Massage Therapy as Complementary Treatment for Parkinson’s Disease
Parkinson’s disease (PD) affects approximately 1 million Americans, with nearly 60,000 new cases diagnosed each year. Worldwide, about 10 million people have been diagnosed with this disease. PD occurs when the brain begins to slowly stop the production of dopamine. This will affect a person’s ability to control his or her body and its movements, as well as emotions. The chances of developing PD increases with age and symptoms may not be too apparent at first, as this disease progresses slowly. PD’s physical symptoms can have a strong effect on a person’s quality of life, and may affect family members as well.
Complementary medicine is often used in the treatment of PD, with massage therapy being one of the most popular. 54% of PD patients in the United States reported using complementary medicine, and cited massage therapy and aromatherapy as the most commonly used (Ferry, Johnson, & Wallis, 2002). A study by Japanese researchers Donoyama and Ohkoshi (2012) may provide positive insights for those affected by PD and considering complementary therapy.
The researchers gathered 10 adults who had been diagnosed with PD. These participants had expressed interest in pursuing massage therapy in conjunction with their standard treatment. The researchers wanted to measure the participants’ walking disturbance and speed, range of motion for those suffering from frozen shoulder (pain and restriction of movement in the shoulder), hypophonia (difficulty speaking loudly or clearly), as well as other physical symptoms such as muscle pain and fatigue.
The 10 participants received a single intervention consisting of a 30-minute full body massage. The massage consisted of traditional Japanese techniques by mainly using kneading (less stroking/pressing) with moderate-pressure while the participants were clothed. For participants suffering from frozen shoulder, a shoulder joint massage was incorporated. Attention was paid to both the more severe and less severe sides of the body.
Results showed significant improvements for all measurements. Walking speed and ability both increased. The researchers noted that one of the participants took 95 seconds to walk 10 meters pre-test, but post-massage was able to walk the same distance in 21.5 seconds. All of the participants suffering from frozen shoulder had an almost full range of motion restored immediately following the massage. Hypophonia was also decreased in participants, with a difference of 18.8 points pre- and post-massage. Additional physical symptoms such as muscle pain and fatigue decreased as well.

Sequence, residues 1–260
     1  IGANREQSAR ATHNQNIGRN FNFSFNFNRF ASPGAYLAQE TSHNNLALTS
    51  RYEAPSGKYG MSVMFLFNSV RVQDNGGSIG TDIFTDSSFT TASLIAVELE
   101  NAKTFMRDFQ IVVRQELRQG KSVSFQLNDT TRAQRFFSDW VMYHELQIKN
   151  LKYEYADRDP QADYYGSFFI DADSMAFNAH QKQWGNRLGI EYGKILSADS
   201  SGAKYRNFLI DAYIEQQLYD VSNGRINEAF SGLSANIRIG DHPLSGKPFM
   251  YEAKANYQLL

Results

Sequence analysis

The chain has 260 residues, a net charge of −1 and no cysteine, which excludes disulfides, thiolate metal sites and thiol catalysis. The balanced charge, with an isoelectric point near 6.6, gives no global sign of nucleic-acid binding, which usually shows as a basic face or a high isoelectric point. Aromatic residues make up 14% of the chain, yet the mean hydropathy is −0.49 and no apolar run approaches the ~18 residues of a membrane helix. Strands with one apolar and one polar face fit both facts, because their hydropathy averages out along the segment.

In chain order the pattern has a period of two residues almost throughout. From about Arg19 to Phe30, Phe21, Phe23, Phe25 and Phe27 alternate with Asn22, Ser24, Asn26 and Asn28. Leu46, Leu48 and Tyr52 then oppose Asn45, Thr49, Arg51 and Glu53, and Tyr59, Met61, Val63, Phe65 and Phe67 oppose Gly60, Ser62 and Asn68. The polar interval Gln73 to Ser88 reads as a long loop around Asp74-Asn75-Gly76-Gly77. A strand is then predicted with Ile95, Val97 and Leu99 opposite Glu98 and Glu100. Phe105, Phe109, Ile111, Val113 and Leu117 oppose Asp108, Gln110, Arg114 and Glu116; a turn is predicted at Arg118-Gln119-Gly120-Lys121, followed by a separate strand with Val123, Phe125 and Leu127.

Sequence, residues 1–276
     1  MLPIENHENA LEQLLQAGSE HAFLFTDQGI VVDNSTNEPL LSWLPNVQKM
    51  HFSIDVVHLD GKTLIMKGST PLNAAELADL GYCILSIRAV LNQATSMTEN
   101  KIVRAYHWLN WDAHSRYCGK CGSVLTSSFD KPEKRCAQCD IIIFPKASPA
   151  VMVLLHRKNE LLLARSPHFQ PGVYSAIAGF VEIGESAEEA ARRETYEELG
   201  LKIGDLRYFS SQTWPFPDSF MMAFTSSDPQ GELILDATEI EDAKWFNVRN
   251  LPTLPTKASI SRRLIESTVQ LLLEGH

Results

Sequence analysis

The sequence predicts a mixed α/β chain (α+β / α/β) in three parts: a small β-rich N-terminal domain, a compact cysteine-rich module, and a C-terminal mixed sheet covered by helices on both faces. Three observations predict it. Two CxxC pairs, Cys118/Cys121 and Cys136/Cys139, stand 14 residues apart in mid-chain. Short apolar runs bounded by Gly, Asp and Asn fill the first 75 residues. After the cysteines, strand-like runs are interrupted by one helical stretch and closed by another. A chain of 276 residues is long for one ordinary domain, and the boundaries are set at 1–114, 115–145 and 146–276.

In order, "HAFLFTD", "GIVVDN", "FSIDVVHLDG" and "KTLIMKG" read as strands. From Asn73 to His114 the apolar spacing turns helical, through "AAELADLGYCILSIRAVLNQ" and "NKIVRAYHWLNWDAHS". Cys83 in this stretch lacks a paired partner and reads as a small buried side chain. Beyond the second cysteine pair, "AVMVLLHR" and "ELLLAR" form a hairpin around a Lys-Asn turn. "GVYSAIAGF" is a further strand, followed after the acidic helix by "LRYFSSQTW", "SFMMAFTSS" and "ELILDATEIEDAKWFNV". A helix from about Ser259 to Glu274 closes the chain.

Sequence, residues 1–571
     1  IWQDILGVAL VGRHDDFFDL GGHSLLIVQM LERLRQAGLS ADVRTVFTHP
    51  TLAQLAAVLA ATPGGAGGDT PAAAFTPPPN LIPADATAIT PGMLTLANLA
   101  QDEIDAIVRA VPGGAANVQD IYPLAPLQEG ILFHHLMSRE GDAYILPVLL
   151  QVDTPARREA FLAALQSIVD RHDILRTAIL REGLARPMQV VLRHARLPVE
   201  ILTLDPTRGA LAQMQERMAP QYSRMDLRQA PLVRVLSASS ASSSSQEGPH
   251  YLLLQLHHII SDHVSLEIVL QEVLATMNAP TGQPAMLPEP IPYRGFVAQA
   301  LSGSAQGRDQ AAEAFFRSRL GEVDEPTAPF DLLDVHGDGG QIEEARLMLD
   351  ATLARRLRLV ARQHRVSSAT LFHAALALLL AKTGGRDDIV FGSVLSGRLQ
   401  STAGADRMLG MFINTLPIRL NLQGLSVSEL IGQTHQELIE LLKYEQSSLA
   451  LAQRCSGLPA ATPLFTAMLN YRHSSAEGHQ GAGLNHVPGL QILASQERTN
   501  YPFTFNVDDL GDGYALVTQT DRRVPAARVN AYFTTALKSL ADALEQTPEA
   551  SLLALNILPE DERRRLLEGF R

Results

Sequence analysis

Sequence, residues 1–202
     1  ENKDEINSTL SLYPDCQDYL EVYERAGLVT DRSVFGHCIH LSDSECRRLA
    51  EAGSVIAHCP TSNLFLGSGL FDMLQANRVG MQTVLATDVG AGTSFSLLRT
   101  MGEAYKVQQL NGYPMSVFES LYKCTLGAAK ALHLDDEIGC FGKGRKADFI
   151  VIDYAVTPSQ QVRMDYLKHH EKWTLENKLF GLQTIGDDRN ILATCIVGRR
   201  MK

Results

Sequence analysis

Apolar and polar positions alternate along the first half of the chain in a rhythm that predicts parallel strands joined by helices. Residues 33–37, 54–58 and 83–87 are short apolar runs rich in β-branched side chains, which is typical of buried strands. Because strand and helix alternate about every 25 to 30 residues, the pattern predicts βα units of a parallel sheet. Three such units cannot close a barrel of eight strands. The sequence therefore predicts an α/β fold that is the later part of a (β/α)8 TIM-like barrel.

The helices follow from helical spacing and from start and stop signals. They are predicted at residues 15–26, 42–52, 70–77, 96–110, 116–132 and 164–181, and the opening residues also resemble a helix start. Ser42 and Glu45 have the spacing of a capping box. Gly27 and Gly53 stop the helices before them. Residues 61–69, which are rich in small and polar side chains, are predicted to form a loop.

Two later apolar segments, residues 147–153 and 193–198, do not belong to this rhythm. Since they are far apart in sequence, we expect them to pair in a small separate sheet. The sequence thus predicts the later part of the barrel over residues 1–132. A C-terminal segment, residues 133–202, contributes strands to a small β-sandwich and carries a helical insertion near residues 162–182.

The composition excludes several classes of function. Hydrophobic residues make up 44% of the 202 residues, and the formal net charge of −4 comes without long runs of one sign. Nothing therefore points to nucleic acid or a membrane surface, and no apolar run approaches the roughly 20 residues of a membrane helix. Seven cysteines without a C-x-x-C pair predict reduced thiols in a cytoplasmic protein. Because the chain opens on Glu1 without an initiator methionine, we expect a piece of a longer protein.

While the results provide significant improvements for the participants, it is important to note that the sample size for the study was very small. A larger sample size is needed to support the findings of the study. In addition to a larger sample size, a longitudinal study, or increasing the time of the study and amount of interventions, may shed light on the long-term effects of massage for those with living with PD. Lastly, a quality of life measurement should be incorporated so as to measure any emotional benefits PD patients may achieve.
Nonetheless, this study has found that massage therapy does provide immediate physical benefits for those diagnosed with PD, and that massage therapy combined with standard treatment may provide significant alleviation of symptoms.
Donoyama, N., & Ohkoshi, N. (2012). Effects of Traditional Japanese Massage Therapy on Various Symptoms in Patients with Parkinson’s Disease: A Case-Series Study. The Journal of Alternative and Complementary Medicine, 18(3), 294-299. doi:10.1089/acm.2011.0148
Ferry, P., Johnson, M., & Wallis, P. (2002). Use of complementary therapies and non-prescribed medication in patients with Parkinson’s disease. Postgraduate Medical Journal, 78(924), 612-614. doi:10.1136/pmj.78.924.612